In the late 1960s, students in Berlin realized that the Wall was a marvellous place to display their revolutionary messages. The Wall thus became covered with anti-imperialist and, sometimes, anti-American slogans. In the 1970s, the first graffiti made their appearance. The transformation of the wall into a smooth, continuous surface contributed to this process. At the beginning, artists were content with simply signing their names. Later, certain “frescoes” reached up to 100 metres in length.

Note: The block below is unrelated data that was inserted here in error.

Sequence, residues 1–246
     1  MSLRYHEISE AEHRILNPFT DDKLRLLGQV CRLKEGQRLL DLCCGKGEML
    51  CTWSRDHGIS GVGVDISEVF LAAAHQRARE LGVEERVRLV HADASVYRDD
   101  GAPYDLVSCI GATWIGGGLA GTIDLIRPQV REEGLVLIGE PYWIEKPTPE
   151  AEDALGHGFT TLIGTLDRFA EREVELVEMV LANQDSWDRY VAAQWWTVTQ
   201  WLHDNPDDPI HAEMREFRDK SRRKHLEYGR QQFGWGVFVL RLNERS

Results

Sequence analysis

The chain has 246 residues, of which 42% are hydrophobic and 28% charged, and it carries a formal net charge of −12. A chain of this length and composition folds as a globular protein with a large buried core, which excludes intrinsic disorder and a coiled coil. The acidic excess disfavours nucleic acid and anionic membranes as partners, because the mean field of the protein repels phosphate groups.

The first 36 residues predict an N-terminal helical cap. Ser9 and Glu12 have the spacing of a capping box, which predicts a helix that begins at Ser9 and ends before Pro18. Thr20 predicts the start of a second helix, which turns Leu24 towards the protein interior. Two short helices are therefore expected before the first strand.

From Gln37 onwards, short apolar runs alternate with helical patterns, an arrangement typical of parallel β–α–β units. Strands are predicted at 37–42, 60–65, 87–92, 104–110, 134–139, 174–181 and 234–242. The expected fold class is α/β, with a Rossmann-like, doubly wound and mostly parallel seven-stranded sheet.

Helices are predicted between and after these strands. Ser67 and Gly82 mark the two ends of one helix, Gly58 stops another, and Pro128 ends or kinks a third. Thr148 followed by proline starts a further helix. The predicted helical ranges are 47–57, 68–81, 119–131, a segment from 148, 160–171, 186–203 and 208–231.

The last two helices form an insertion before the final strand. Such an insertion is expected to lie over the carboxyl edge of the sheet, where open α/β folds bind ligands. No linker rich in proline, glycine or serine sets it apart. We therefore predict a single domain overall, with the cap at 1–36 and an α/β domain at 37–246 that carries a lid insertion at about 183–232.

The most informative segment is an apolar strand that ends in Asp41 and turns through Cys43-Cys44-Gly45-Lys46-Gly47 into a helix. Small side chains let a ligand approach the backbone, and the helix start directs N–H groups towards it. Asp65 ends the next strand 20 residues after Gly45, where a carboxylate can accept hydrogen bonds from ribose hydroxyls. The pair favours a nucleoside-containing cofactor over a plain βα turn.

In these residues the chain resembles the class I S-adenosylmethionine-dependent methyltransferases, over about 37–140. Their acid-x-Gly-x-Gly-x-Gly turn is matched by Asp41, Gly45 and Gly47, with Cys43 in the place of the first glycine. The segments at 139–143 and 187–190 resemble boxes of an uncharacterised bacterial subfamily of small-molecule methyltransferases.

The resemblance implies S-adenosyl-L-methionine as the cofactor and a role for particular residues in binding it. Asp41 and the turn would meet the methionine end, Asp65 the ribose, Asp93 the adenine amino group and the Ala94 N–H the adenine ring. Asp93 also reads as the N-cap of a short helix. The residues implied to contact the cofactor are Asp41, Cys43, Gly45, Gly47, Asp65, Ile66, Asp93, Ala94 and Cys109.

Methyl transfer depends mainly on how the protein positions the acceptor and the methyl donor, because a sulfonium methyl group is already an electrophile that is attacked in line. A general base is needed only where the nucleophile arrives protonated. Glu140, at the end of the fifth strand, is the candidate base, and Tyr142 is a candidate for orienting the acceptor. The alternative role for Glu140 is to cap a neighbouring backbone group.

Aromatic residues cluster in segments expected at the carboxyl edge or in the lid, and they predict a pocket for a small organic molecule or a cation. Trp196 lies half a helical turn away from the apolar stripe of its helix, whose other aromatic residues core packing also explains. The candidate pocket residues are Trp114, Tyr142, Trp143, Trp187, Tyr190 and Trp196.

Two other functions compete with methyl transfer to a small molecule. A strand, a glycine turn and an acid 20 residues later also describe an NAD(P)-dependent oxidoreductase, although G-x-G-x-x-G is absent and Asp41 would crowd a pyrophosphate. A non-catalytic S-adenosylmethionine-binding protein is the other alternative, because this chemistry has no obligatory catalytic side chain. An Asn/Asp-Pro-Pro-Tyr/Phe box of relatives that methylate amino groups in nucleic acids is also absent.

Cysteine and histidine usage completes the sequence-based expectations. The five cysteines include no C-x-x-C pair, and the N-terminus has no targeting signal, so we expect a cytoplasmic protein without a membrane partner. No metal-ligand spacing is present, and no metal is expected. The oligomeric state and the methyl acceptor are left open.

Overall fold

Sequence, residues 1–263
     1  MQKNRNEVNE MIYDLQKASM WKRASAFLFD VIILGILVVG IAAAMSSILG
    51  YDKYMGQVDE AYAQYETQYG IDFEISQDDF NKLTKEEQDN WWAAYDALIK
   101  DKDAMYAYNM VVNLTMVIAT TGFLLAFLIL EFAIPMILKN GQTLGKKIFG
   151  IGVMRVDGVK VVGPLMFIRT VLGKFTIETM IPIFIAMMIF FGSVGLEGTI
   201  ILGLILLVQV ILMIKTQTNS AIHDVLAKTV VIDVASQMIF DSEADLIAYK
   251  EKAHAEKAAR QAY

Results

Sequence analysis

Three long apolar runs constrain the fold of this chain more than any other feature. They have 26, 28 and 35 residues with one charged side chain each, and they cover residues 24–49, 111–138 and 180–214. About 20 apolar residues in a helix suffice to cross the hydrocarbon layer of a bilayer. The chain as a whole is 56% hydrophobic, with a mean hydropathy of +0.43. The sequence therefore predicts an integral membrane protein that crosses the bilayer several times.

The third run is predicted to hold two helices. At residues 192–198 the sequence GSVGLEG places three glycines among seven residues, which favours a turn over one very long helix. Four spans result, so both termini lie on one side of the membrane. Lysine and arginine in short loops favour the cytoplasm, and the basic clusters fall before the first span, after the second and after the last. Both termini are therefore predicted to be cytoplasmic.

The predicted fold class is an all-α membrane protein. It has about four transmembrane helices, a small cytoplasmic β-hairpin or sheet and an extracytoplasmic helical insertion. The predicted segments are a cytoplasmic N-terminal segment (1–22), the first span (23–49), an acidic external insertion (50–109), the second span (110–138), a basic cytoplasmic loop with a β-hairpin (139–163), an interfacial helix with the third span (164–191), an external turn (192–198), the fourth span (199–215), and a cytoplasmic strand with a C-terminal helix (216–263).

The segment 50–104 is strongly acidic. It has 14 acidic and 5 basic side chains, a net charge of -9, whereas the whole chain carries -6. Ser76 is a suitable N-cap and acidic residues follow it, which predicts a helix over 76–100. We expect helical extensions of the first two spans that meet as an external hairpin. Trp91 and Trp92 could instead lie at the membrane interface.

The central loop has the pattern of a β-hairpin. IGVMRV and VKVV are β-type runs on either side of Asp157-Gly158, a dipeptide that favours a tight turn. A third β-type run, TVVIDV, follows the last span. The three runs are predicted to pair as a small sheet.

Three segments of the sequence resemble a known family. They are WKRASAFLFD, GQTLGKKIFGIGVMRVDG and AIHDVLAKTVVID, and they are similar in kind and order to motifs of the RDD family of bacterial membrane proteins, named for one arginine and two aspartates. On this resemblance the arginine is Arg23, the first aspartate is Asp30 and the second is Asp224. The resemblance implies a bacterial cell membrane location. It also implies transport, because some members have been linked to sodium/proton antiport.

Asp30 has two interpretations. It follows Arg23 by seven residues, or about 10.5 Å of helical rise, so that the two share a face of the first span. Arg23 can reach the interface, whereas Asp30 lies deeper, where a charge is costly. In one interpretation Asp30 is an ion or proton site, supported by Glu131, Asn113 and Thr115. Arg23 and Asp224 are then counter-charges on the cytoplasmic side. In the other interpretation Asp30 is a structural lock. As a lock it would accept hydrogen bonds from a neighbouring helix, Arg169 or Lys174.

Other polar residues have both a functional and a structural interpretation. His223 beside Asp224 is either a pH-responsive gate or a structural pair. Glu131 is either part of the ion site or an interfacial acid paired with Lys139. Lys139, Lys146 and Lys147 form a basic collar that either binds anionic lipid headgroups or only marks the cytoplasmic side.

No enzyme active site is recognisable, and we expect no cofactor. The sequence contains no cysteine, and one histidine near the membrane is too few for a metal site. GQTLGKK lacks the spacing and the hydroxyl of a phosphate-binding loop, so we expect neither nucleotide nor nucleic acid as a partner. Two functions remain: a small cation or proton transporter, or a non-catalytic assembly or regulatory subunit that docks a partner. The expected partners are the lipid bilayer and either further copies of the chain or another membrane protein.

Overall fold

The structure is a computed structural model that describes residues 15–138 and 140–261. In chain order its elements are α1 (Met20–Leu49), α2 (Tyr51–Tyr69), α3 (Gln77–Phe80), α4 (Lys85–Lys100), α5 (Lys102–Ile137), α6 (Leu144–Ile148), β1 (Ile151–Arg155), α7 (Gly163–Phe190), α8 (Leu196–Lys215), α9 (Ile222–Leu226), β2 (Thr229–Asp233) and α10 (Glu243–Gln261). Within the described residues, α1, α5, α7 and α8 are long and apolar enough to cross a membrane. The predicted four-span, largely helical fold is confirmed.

The Berlin Wall was erected on August 13, 1961, and its destruction began on November 9, 1989. This fragment testifies to the return of Berlin to the community of free cities after the fall of the wall on November 9, 1989. This segment apparently comes from near the Brandenburg Gate. It would therefore be part of the fourth generation of the Berlin Wall.
The City of Montréal chose the Ruelle des Fortifications, adjacent to the Montréal World Trade Centre, as the site for the installation of the segment of the wall. A crossroads of international trade, a site of openness, tourism, and transit, this site was the most appropriate to host this “witness to history” that stands, in fact, where the fortifications of Montréal once stood.
[Source: Archives de la Ville de Montréal]